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Playing the Ball
Lifting, Dropping, Marking, Wrong, Unplayable, Moved or Deflected, Substituted,
|Clubs and Balls||
Play the ball as it lies. Play the course as you find it. And if you can't do either, do what is fair
Lifting and Dropping
Apart from taking a ball out of a hazard, lifting was initially allowed only for balls touching, then within six inches of each other from 1775.
R &A 1858 stipulated a drop on a line from the hole behind the hazard, establishing the principle used ever since.
R&A 1891 in stroke play allowed a ball to be teed for lost ball and a ball 'lifted out of any difficulty', (in match play both these occurrences were loss of hole).
The first mention of placing, rather than dropping, a ball on the putting green came in 1902.
The method of dropping a ball had a few early variants:
Re-dropping was required if the ball:
1952 One re-drop before placing if the ground is such that it prevents a correct drop.
Lifting for ID
R&A 1891 sees the first mention of placing a ball on the putting green, no doubt at the behest of greenkeepers who around this time started keeping the area around the hole well-tended.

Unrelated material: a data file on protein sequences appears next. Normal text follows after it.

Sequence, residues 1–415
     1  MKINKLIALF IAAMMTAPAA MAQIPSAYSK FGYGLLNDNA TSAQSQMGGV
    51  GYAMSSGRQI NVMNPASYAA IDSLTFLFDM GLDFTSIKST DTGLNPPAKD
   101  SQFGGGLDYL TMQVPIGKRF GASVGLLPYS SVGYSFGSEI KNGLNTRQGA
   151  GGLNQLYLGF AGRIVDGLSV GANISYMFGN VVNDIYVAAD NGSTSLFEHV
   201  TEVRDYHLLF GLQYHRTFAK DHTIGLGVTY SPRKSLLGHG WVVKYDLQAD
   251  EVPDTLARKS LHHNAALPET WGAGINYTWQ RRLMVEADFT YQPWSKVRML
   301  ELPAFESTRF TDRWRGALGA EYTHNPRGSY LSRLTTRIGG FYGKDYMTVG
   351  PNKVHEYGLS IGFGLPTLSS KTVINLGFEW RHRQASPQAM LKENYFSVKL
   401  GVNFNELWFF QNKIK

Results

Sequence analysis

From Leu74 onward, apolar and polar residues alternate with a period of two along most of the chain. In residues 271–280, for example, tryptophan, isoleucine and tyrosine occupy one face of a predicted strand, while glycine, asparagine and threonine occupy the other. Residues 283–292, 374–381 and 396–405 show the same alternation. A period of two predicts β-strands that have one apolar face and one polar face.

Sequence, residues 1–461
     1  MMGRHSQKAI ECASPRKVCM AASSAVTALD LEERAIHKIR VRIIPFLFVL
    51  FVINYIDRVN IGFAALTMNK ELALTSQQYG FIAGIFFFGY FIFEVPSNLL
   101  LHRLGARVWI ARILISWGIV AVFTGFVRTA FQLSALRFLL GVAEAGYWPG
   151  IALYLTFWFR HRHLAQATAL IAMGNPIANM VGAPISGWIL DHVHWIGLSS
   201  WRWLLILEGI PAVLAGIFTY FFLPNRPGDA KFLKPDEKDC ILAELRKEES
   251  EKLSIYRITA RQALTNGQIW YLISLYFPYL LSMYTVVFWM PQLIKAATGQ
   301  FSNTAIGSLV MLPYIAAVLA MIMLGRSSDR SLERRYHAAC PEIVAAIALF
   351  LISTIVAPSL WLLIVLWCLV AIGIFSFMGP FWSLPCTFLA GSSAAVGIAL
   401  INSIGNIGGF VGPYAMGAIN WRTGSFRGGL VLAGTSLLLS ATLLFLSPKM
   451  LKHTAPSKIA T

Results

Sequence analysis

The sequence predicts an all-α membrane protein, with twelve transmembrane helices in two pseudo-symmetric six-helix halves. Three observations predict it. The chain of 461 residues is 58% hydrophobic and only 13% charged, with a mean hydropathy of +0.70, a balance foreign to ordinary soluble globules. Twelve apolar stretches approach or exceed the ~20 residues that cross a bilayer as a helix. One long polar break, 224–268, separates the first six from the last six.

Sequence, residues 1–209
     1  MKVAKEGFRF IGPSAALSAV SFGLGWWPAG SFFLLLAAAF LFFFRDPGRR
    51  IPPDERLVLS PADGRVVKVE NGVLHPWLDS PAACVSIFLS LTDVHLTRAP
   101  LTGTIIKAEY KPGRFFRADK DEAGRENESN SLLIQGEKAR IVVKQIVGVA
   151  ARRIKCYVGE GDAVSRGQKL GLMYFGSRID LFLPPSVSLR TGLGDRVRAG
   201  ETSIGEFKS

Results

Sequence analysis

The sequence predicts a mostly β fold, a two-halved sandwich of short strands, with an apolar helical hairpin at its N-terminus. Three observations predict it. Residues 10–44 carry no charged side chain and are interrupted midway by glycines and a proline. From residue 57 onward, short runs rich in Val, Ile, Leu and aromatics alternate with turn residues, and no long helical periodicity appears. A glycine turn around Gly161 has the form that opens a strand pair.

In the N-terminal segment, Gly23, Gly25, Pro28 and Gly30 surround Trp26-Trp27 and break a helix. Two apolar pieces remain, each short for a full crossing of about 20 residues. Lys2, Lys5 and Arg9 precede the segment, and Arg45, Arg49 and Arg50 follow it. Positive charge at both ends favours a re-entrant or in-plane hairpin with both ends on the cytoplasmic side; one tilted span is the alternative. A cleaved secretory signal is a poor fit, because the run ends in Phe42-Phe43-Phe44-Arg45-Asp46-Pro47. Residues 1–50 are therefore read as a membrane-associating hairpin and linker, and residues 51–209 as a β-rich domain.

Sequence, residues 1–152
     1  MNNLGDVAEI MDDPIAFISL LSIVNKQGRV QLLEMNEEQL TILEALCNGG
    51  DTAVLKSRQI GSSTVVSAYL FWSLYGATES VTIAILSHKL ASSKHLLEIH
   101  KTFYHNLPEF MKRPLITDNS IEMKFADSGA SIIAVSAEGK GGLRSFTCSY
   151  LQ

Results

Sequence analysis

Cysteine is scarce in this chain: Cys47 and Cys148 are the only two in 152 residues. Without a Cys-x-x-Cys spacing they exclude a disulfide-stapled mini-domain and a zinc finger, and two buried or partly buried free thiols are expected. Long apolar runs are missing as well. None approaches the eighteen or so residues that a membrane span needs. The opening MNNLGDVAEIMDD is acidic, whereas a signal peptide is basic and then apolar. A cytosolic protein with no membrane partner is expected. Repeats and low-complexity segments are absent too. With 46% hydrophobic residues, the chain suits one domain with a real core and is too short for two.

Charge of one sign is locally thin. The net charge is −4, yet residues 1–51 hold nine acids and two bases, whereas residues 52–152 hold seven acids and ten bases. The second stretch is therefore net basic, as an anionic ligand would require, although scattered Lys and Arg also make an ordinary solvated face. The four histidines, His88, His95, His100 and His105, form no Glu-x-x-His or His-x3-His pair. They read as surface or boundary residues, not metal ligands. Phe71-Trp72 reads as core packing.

The featherie ball did not fly very far, so the issue of playing a ball from outside the match probably did not arise very often. Also the balls were far too expensive to leave behind on the course, so a stray ball was a rare thing.
1891 R&A. Penalty for playing an opponent's ball changed to 1 stroke unless this was due to wrong information, then there was no penalty and the player replaced his ball.
1899 Penalty back to loss of hole. Stroke play, no penalty if corrected.
1902 If a player played a ball from outside the match, there was no penalty if opponent informed before playing. Otherwise loss of hole.
1908 In stroke play no penalty for playing one stroke with a wrong ball, but DQ for two successive strokes; no penalty if played from hazard.
1933 Stroke play penalty reduced to 2 strokes, but applies to the first stroke with the wrong ball.
1950 R&A. Reduction of penalty to one stroke if the player immediately informed his opponent, otherwise loss of hole. if player plays opponent's ball and then opponent plays a wrong ball - no penalty. For a ball outside the match 1 stroke -- treated the same.
1952. Playing a wrong ball is loss of hole, or 2 strokes in stroke play.
1954, added that strokes played with a wrong ball do not count in player's score.
2008 As identification is now allowed in a hazard, the penalty for playing a wrong ball from a hazard is reinstated.
The Wrong Rule, 1964-71
Edinburgh Burgess in 1807 introduced a rule for medal play allowing a player to lift a ball at any time and drop it over his shoulder, penalty one stroke. The same rule was applied by the Honourable Company in1809, Thistle 1824 and Perth 1825.
Burntisland 1828 introduced a novel version of the unplayable ball: if the player believes he cannot play the ball, his adversary may try to do so. If the adversary either fails or declines to do so, the player can then proceed to drop the ball.